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Commanding the Light Brigade

I am appalled that anyone at Swarthmore would consider his ideal job to be commander of the Charge of the Light Brigade (Q+A” with Ed Fuller, Oct. Bulletin). I do not oppose just wars conducted by able leaders—after all, I was at George School and Swarthmore during the debacle of Adolf Hitler. But I was in Balaklava in mid-October for geological and historical field work, and I can assure readers that the famous charge was the result of an incompetent general giving an unintelligible order that was carried out stupidly. The result was incredible loss of life and the loss of field artillery the charge was intended to protect. The only commendable outcome was that for the remainder of the Crimean War, Russian cavalry refused to attack British cavalry. Your librarian should read something more reliable than Tennyson.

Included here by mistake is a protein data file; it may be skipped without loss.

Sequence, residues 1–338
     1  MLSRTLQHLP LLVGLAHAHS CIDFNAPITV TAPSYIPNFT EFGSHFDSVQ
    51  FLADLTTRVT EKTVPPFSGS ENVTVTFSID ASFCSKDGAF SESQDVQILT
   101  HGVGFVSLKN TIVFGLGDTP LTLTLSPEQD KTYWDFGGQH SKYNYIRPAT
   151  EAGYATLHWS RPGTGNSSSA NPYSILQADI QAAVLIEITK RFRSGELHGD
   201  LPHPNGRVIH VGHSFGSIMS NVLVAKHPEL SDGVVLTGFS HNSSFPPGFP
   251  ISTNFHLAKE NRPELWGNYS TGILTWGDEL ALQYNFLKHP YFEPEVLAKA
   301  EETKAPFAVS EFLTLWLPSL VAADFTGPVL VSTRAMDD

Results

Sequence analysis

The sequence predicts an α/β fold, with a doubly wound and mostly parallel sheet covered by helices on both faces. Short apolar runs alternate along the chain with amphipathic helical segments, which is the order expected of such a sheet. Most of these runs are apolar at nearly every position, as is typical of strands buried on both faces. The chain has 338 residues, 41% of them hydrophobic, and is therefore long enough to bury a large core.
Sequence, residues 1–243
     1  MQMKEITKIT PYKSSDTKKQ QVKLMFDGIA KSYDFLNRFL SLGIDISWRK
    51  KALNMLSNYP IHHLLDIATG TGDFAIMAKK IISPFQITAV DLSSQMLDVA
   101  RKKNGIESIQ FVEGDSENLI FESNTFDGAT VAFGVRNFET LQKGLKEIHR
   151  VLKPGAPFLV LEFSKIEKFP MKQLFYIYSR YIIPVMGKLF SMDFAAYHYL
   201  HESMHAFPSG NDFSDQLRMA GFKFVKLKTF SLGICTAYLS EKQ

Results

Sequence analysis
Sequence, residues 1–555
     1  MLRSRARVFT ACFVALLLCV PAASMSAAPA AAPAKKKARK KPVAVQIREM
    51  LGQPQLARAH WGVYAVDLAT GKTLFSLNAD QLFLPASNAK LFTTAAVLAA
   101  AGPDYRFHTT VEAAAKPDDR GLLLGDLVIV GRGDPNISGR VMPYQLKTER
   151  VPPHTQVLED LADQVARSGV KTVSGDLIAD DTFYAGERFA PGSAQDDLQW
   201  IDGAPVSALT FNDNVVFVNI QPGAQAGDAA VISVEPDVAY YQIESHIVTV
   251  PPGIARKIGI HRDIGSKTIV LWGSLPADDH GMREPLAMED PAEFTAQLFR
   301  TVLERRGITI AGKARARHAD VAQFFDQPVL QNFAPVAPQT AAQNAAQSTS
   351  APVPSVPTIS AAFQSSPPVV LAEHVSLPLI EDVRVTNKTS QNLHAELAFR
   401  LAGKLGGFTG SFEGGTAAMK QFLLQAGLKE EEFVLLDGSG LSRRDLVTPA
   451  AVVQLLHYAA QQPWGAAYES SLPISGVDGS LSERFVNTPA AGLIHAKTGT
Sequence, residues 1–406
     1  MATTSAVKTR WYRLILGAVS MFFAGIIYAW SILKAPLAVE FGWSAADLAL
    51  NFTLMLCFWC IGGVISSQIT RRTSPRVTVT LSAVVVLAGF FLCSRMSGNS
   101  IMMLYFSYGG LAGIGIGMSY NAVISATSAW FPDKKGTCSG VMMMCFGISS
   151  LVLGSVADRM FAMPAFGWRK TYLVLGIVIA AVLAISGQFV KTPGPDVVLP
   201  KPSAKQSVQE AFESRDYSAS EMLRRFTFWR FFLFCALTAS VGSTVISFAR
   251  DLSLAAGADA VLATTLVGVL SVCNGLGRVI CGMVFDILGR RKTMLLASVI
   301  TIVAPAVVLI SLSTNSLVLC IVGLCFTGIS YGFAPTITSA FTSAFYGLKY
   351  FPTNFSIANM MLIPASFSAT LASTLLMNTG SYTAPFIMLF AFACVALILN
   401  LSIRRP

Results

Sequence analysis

William Halliday ’46
Nashville, Tenn.

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